Winning a Lion in Cannes is a big deal. Even more so if it’s a Gold Lion.
But that relies on the jury being qualified to judge what’s in front of them.
Looking at one of the Aussie Gold winners from the ad festival this week, my view is that the jury made a bad call, and damaged their credibility in the process.
I’m perplexed that Droga 5 has won a Gold and Silver in the Direct Lions for its LA4320 Twitter campaign on behalf of V Australia.
It feels to me that the jury lacked the knowledge to judge what was in front of them and made an award based on what was hot, rather than what worked.
(And that’s not to criticise the agency, by the way. It’s not their fault for being good at awards entries. It’s the jury’s for buying it.)
The campaign in question saw V Australia fly three people out to LA, tweeting every minute. I vaguely remember it from the time. Like many, I briefly followed the three tweeters out of curiosity, then immediately unfollowed. Who wants to have their Twitter timeline filled with three inanities from the same people, every single minute?
I missed it at the time, but Lachlan Hibbert-Wells, who works in social media and is better known online as Warlach, wrote a thoughtful post about it at the time on why he considered the campaign to be a Twitter failure.
His criticisms were:
- The Twitter profile names (@4320LA) looked like spam.
- The clutter of minute-by-minute updates
- Choosing people who didn’t have the writing skills to take part
- Failing to link the images posted elsewhere with the tweets
- Trying to game the stats to create a hashtag trend (and failing)
Later, he busted somebody working on behalf of Droga 5 for tryng to astroturf his comments thread – talking up the campaign as if they were an independent commentator when they were not. All in all Warlach’s piece – still worth a read by following the link above – was a case study in how brands shouldn’t do a social media campaign. He demolished it as the gimmick it was.
That was that, until awards season, when Droga5 put together this video:
Impressive, isn’t it? You can read the entry here too.
(By the way, having sat through a lot of awards entry videos, one surefire way to tell if the PR plan succeeded or failed is to watch the images that accompany phrases like “The world watched around the clock”. If they are mainly clippings from the trade press, then fair to say the world was probably not watching around the clock.
On freezeframe I can make out Digital Buzz Blog, Campaign Brief, Mumbrella’s sister travel site Thumbrella, Creativity, Creative Online and Bannerblog.)
But hey, maybe the Direct Lions jury saw something in it that Warlach and myself did not.
But to do so, you’d expect the jury to understand the communications medium they were considering. Otherwise, they are effectively taking a video awards presentation’s word for it.
One element of their experience in this respect is available – how active, if at all, are the jurors on Twitter? have they at least lived with it for a few weeks, and developed an understanding of it? otherwise, how can they know if this is a successful campaign?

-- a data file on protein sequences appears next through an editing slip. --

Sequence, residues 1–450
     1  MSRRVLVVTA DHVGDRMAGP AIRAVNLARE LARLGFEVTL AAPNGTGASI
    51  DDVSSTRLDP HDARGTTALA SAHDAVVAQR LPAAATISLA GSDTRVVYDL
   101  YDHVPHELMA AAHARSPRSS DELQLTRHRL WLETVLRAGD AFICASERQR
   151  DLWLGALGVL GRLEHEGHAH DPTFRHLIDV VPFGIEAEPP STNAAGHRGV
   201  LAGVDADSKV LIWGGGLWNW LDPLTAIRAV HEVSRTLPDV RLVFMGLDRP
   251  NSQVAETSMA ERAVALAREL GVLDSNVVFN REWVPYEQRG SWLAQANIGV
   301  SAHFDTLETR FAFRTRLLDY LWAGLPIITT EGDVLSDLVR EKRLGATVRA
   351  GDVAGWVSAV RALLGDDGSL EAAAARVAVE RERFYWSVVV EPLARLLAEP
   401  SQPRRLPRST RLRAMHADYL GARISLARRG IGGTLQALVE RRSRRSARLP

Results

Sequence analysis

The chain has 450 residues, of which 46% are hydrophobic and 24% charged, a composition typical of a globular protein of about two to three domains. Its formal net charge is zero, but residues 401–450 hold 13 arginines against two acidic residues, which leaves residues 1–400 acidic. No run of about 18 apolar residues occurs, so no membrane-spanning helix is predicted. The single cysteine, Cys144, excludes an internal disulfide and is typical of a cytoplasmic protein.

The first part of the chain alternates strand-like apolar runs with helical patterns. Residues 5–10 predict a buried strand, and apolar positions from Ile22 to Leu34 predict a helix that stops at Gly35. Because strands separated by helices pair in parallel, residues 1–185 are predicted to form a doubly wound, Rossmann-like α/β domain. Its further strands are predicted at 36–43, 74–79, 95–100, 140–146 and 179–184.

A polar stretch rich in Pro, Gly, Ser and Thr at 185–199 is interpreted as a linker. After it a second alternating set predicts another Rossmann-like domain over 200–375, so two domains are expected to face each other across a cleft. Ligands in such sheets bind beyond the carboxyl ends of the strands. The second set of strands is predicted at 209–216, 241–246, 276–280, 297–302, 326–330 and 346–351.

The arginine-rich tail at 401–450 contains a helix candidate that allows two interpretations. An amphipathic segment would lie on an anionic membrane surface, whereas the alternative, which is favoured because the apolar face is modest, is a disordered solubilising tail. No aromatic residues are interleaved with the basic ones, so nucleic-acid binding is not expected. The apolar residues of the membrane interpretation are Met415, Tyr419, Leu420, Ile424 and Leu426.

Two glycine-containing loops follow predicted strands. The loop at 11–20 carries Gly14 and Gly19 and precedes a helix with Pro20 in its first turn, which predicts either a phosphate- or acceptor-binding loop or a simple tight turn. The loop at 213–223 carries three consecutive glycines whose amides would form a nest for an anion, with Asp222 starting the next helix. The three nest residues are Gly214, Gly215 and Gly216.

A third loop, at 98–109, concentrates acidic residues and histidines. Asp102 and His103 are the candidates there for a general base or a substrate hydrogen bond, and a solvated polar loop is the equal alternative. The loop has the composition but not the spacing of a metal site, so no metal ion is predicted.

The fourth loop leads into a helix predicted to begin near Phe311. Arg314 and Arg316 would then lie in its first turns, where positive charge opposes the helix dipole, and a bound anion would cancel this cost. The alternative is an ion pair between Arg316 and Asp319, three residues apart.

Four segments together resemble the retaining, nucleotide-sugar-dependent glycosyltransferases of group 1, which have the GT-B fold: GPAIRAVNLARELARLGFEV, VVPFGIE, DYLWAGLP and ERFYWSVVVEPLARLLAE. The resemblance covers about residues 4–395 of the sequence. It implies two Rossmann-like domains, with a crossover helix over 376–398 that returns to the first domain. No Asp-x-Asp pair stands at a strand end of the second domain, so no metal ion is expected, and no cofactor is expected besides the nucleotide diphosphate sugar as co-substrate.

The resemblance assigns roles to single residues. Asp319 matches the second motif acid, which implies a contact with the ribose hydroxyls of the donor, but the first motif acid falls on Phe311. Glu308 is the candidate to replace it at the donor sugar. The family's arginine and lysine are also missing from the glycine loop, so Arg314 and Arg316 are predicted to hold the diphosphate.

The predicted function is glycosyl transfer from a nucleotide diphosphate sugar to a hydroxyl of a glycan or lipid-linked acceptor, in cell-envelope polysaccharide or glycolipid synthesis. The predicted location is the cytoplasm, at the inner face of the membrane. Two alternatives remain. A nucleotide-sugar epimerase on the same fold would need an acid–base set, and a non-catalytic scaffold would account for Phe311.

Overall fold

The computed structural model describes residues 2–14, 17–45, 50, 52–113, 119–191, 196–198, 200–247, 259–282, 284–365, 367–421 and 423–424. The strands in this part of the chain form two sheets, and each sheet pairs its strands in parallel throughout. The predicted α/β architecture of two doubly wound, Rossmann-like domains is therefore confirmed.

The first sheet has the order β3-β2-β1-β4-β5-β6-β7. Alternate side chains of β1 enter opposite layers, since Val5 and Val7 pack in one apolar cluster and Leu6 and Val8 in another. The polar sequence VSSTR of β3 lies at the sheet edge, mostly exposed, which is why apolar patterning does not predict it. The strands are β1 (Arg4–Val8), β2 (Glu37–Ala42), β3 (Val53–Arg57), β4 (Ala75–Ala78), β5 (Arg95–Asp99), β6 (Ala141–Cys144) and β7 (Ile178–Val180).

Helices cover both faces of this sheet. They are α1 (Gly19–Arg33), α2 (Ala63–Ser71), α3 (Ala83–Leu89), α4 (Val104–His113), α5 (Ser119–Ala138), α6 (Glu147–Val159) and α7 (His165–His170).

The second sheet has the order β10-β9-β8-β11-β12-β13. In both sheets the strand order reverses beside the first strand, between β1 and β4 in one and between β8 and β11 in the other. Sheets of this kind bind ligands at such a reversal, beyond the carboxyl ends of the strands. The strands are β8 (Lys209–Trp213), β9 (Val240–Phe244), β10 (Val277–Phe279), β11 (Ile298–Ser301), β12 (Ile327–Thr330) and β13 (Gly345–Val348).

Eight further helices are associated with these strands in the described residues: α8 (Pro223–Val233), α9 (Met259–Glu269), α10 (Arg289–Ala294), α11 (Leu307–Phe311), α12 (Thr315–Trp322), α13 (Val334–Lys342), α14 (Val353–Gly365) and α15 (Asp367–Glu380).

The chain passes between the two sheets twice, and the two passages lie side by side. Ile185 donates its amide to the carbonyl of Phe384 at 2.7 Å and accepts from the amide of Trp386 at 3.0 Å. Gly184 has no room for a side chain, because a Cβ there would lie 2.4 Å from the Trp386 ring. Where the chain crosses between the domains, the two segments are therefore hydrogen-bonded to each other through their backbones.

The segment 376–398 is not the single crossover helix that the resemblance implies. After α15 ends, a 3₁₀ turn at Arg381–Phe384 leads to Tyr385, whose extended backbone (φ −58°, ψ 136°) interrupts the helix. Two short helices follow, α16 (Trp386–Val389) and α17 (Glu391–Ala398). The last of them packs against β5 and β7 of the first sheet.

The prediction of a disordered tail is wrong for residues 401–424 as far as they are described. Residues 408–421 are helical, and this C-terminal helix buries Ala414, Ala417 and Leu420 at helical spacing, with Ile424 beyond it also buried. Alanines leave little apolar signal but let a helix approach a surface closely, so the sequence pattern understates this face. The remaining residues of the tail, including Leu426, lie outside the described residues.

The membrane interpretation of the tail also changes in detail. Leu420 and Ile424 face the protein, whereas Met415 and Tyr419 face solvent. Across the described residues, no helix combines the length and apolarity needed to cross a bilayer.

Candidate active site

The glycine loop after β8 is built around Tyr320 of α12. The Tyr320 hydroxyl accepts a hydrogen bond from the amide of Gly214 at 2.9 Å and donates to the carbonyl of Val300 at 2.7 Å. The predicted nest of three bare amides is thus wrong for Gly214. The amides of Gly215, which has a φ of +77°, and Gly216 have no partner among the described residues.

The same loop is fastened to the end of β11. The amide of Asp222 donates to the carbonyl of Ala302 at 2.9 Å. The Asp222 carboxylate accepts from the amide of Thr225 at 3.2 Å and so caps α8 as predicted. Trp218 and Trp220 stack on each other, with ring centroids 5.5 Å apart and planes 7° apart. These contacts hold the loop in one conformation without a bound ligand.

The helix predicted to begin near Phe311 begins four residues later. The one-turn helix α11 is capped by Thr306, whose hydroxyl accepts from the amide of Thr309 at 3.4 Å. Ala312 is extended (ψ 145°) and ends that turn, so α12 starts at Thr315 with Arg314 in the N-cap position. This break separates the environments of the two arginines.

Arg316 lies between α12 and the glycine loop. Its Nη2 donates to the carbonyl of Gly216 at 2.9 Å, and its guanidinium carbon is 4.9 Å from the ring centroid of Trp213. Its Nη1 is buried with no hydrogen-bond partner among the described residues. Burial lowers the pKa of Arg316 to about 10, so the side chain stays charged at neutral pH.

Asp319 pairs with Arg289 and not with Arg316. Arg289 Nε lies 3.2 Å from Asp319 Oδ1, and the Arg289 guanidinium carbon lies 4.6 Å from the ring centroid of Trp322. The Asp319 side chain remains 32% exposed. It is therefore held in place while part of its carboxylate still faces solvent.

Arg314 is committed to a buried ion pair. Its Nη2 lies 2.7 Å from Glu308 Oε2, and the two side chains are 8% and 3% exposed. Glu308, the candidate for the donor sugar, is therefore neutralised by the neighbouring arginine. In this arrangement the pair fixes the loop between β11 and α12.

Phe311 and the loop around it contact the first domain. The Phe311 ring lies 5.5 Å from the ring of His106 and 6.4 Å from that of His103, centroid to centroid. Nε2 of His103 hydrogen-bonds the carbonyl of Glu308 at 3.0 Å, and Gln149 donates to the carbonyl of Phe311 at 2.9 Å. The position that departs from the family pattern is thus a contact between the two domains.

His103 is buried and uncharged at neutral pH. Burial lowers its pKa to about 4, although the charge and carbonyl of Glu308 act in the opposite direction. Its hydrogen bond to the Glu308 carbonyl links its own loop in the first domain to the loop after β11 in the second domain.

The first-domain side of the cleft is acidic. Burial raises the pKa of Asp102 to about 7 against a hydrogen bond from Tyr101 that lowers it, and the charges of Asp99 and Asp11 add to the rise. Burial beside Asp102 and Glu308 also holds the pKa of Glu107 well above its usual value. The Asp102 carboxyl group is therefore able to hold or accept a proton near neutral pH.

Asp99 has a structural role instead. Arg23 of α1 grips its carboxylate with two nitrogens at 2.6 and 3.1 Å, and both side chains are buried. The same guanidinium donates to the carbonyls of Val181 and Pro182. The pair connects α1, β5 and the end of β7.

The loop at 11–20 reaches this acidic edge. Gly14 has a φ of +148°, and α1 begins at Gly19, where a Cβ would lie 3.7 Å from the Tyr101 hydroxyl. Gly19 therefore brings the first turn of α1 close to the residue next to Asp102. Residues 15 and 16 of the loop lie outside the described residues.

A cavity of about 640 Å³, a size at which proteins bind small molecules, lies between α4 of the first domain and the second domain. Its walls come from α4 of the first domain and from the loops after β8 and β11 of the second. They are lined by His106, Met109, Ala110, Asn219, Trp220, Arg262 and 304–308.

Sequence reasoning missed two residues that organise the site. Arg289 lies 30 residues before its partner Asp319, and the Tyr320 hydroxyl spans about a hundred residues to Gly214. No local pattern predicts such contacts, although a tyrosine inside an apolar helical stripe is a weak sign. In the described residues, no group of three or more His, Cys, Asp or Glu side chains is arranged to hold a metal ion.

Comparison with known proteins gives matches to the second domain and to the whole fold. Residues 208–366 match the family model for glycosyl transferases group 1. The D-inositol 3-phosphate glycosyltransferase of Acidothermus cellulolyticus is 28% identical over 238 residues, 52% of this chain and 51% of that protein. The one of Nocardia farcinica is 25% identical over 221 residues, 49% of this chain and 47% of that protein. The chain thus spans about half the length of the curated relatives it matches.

There were 30 on the Direct Lions jury.
I’ve spent the day examining their digital footprints to try to work out how well they are likely to understand Twitter. They may be excellent disciples of traditional direct marketing, but as far as I can tell, Twitter ain’t their thing.
As far I can tell, only two of the 30 seem to make regularly use of it in a way that a normal twitter user would recognise.
Vaughn Davis, from Y&R Auckland and Erik Ingvoldstad from MRM Worldwide Singapore. Not being privy to the jury deliberations, I’ve no idea whether they liked the campaign or not.
As for the rest, about a dozen of them show the typical signs of trying a new fad, quickly losing interest before fully engaging with it and never going back. In alphabetical order, that includes:
- Droga 5’s David “Nobby” Nobay (he would not have been allowed to vote on his own work, by the way), who appears to have only sent one tweet, back in July last year: “What is all this tweaking about?”
- Thomas Tatzl, who first tweeted just under three weeks ago and has sent ten tweets since, mainly about being in Cannes.
- Marisa Furtado, who first tweeted three days ago.
- Brenda McNeilly, whose Fuse Marketing Group has tweeted six items this year.
- Hartmut Kozok who has a locked profile, but if it’s the same person follows only 16 people.
- Sergio Muller (or the only person on Twitter by that name) who tweeted twice, last year
- Conn Bertish fromJWT South Africa, who has only tweeted 14 times, although one of them was the amusing: “Why are Australians so irritating?”
- Lotta Marlind, who follows 68 people.
- Peter Bronniman who follows 11 people.
- Peter van Leeuwen, who has tweeted eight times.
- Jamie Bell who has tweeted eight times
- Scott Lewis, whose profile shows 13 tweets
When they aren’t able to apply the consumer perspective to the campaign, it’s suddenly easier to see why that video starts looking so persuasive isn’t it?
And based on that expert panel, Droga5 has just picked up two of the most coveted advertising awards in the world. As I write this, the campaign has also been shortlisted in the Cyber Lions category.
If there was a Cannes Lion for Producing Awards Entries, I’d give Droga5 the Grand Prix.
June 27 Update: Another jury’s gone the same way. The Titanium Jury has given the Grand Prix to a retail helpline based on Twitter. Sheesh.